“Everyone who is deprived of his liberty by arrest or detention shall be entitled to take proceedings by which the lawfulness of his detention shall be decided speedily by a court and his release ordered if the detention is not lawful.”

A.  Submissions of the parties

35.  The Government submitted that compulsory medical treatment could only be ordered by a court resolution. This could be appealed in cassation under Article 424 of the Code of Criminal Procedure, within seven days from the date of the adoption of the resolution. An appeal could be lodged by a defence lawyer, whose participation in such cases was obligatory. The Government pointed out that the applicant had used this possibility regarding his continued detention. Moreover, the rejection of his appeals did not mean that the remedy was ineffective. The issue of the applicant’s compulsory medical treatment was examined by the domestic courts on six occasions on the basis of the applications lodged after his medical examinations by competent doctors. Given the frequency of the revision of the lawfulness of the applicant’s compulsory medical treatment, the Government considered that Article 5 § 4 had not been breached.

36.  The applicant disagreed. In particular, he alleged that the appeal procedure was not effective. He mentioned that it was only the doctor of the psychiatric institution, but not the applicant himself, who could lodge an application with the court seeking annulment of the relevant measures. Furthermore, he maintained that, even though his state of health had improved, the domestic courts unlawfully refused to release him from the psychiatric hospital for almost two years.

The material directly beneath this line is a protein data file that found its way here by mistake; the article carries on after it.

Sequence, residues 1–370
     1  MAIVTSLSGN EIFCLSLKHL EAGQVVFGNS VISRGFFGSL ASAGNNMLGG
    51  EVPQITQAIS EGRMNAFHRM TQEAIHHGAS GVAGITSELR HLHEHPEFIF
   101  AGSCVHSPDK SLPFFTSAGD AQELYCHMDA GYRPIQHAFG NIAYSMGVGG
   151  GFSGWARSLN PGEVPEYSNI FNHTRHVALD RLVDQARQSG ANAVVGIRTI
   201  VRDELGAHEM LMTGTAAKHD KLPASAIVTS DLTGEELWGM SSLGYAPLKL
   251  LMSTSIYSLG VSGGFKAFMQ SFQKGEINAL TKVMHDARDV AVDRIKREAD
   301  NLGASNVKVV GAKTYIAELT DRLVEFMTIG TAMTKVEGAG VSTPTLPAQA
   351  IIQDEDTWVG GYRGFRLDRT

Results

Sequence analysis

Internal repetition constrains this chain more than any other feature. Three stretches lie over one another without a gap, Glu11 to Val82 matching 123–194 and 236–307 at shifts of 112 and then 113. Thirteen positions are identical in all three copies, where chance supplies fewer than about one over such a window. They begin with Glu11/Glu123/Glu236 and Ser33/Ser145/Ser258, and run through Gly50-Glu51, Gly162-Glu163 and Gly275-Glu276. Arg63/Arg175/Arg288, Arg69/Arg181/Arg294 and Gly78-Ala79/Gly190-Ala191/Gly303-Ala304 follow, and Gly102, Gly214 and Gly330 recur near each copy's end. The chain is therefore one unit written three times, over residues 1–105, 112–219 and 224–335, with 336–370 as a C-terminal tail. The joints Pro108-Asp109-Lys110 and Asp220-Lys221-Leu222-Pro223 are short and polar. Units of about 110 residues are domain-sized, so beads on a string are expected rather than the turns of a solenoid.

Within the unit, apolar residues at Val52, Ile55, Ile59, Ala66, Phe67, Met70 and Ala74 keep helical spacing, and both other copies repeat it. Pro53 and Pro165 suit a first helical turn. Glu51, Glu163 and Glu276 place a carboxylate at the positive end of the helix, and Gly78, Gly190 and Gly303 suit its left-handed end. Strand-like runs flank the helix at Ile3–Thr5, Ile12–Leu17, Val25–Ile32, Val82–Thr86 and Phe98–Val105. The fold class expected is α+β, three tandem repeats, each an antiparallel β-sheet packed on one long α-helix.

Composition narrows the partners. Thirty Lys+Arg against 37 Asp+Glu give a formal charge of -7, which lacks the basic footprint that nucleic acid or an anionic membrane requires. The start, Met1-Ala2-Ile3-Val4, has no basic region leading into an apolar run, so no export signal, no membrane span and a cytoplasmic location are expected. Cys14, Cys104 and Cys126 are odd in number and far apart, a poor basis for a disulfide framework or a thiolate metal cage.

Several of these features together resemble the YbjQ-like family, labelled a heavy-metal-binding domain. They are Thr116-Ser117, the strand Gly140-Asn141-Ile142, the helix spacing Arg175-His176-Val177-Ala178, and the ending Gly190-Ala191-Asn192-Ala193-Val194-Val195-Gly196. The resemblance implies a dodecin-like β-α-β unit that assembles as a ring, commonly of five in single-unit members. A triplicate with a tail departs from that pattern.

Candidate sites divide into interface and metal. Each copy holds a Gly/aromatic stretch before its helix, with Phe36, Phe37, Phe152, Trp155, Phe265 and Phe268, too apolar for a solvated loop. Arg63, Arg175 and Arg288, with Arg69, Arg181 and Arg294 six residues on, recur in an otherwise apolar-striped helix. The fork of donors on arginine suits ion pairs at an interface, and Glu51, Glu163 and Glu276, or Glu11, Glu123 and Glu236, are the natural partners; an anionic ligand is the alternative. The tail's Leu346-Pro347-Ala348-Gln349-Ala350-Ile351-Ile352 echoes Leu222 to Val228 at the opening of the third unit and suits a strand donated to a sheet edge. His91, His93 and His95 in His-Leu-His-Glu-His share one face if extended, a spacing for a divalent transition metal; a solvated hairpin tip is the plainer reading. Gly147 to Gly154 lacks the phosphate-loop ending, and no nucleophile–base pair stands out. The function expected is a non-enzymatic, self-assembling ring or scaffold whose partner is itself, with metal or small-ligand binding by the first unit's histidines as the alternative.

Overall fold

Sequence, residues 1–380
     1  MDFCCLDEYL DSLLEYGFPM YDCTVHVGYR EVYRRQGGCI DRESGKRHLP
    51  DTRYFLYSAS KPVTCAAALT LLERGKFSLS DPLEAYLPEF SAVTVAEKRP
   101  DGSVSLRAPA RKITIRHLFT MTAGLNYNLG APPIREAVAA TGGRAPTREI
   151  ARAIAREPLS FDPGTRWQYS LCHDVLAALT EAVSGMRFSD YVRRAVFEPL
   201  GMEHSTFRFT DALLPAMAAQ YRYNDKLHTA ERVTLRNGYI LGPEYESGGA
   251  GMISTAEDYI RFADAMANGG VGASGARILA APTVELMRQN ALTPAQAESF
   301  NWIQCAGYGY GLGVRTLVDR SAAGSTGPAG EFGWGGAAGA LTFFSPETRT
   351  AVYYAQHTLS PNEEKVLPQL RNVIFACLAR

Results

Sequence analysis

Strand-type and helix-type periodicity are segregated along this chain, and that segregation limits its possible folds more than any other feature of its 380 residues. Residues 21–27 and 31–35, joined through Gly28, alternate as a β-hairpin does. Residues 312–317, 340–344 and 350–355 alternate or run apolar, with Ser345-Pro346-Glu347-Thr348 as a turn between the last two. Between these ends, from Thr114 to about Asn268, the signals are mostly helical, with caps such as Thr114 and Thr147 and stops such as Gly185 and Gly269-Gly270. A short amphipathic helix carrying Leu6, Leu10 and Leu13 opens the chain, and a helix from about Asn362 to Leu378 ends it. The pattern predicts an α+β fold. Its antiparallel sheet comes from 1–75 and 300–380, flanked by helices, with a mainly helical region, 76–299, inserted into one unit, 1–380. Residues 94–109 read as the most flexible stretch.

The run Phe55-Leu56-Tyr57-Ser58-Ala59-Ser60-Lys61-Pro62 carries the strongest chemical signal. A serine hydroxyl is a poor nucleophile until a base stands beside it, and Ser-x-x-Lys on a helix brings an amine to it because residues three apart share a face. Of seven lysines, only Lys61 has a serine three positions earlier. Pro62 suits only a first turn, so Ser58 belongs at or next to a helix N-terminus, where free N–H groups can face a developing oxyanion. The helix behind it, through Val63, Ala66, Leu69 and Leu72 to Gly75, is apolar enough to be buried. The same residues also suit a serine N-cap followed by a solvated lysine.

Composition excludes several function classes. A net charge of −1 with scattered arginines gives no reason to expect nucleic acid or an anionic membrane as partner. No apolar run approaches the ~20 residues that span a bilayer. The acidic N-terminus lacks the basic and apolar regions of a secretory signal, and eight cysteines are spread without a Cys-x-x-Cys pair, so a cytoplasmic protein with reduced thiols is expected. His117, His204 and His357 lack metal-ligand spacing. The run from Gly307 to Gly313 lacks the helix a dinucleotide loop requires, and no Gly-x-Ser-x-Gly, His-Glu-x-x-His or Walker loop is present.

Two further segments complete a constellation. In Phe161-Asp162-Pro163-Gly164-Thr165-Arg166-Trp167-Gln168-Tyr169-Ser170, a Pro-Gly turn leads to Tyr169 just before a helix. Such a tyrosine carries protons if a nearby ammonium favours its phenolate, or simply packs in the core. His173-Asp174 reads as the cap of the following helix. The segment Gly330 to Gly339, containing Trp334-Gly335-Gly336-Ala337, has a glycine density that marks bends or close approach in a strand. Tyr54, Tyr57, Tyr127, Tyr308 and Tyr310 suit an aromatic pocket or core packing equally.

B.  The case-law of the Court

37.  The Court notes in respect of the detention of persons of unsound mind (Article 5 § 1(e) of the Convention) that they “may be deprived of their liberty either in order to be given medical treatment or because of considerations dictated by social policy, or on both medical and social grounds ... [A] predominant reason why the Convention allows the persons mentioned in Article 5 § 1(e) to be deprived of their liberty is not only that they are dangerous for public safety, but also that their own interests may necessitate their detention” (see Litwa v. Poland, no. 26629/95, § 60, ECHR 2000-III). The dangerousness factor is of particular relevance to the present case since the applicant, whilst “mentally deranged”, committed serious offences against the physical integrity of other persons.